Mike & Joyces Travel logs
Home ** 2006 Travel Logs**
Places Visited: Ft Pierce and Savannas County Park, South Hutchinson Island
February 14 through February 16: Savannahs County Park Ft Pierce, Florida. $20 FHU 30-amps, shell interior roads with grass sites N27° 23.231 W80° 18.575'
Temperatures fell to 29° for our last night in La Belle. News reports were chattering about that temperature like something on the order of a hurricane was imminent. That is the coldest temperature the area has experienced in 5-years. Citrus did not appear to be adversely impacted but vegetable crops and tropical nurseries were devastated.
We transitioned the motorhome from La Belle to Ft Pierce on Tuesday. The drive was uneventful as we transited the various agricultural/commercial zones. La Belle is citrus country that transitions to sand mines in Ortona. Then it is cattle ranches until we get to the banks of Lake Okeechobee not far from Moore Haven where fishing and campgrounds rule. Lakeport appears to be nothing more than a mass of RV-Resorts and campgrounds overflowing with snowbirds. Then we passed through Okeechobee that can't decide if they are going to be cattle capital, fishing capital, or RV-Park capital of Florida. Okeechobee does it all. Actually, they have a concentration of cattle ranches and dairy operations in the area. It is only around 30-miles from Okeechobee to Ft Pierce. About mid-way to Ft Pierce cattle ranches give way to citrus groves. We pass by the Tropicana orange juice plant on the way to our RV-Park.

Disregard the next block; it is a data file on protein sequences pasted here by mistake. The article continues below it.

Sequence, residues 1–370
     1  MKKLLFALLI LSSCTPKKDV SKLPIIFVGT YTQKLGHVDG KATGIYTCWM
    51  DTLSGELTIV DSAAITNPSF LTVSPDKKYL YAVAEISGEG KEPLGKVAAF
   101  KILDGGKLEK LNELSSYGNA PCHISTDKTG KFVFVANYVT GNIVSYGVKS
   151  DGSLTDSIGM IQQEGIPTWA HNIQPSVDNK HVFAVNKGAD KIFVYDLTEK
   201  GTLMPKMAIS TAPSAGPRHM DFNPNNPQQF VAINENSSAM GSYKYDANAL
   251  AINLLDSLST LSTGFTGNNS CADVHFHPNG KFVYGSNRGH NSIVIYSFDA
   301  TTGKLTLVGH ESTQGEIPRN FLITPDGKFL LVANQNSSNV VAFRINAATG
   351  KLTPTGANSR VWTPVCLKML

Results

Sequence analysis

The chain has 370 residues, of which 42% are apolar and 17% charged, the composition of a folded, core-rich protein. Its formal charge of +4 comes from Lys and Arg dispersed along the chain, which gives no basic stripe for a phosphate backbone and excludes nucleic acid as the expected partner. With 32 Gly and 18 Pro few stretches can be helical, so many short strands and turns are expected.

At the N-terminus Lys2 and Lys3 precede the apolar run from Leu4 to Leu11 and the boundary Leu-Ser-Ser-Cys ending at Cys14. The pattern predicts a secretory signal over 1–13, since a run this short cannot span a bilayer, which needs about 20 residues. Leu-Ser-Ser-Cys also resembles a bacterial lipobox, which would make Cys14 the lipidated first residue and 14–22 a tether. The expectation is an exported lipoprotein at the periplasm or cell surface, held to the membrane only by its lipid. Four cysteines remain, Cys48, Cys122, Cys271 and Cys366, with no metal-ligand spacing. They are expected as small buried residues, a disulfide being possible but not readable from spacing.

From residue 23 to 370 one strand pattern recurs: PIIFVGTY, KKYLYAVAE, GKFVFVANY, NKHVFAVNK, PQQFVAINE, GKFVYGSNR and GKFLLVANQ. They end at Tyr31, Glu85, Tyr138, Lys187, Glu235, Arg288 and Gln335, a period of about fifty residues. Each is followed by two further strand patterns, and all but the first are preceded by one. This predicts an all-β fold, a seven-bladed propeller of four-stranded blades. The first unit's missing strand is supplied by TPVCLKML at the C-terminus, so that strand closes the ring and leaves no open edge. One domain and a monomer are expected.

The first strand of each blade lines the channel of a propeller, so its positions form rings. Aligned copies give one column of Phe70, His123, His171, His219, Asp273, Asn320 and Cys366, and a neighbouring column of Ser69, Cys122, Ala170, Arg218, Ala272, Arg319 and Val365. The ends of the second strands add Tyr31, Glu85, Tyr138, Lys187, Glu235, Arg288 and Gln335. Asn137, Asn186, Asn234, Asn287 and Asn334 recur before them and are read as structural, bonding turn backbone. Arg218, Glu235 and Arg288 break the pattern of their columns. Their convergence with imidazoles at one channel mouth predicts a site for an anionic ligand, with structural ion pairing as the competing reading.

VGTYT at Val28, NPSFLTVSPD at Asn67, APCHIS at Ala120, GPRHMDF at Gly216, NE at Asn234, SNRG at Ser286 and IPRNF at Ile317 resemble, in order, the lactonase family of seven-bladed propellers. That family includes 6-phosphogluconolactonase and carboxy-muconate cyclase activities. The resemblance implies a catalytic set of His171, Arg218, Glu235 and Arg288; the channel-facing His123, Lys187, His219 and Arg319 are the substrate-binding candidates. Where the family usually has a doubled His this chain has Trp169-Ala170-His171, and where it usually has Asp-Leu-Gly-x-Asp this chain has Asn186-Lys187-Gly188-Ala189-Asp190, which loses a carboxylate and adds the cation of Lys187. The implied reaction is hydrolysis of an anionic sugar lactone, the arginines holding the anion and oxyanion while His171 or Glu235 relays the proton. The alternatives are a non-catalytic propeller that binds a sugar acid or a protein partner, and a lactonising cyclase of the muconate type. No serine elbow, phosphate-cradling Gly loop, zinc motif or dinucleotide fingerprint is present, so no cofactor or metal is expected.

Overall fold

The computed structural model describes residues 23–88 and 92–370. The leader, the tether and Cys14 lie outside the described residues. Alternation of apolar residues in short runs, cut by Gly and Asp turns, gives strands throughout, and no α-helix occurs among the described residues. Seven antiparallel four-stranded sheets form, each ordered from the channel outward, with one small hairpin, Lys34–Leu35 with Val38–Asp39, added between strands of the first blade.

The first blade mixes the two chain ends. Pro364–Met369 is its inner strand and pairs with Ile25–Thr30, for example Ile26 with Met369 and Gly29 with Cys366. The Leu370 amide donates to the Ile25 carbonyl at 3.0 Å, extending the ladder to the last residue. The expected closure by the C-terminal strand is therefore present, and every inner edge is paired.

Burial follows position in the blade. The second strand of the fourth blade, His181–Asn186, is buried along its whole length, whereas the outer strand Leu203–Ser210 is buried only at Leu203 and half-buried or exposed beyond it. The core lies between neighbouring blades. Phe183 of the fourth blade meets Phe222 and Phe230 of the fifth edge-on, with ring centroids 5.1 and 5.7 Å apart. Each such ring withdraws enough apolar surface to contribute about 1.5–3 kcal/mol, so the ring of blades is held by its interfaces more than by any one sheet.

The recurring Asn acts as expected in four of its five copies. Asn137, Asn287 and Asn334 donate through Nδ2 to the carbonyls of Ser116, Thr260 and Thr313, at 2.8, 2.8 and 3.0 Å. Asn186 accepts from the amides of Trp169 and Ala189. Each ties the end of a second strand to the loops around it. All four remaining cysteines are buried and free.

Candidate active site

We stop by Ft Pierce to visit with long time military friends. In the distant past we were stationed together at the Naval Air Station in Brunswick, Georgia and have kept contact all these years. We visited and ate with our friends over a two day period. One day we drove to Stuart where we enjoyed a leisurely day shopping and dining.
Sunsets at Savannahs Campground were awesome and Joyce captured them on our digital camera. Savannahs Park is also a good place to view a wide variety of water birds.
When we stay in the Savannah County Park one of our "must-do" things is to visit the marina and Manatee Center on the water in down town Ft Pierce. That is a baby manatee coming up for air. Mike is watching this mother and baby. The manatee are gathered in the warm water discharge of the Ft Pierce power plant.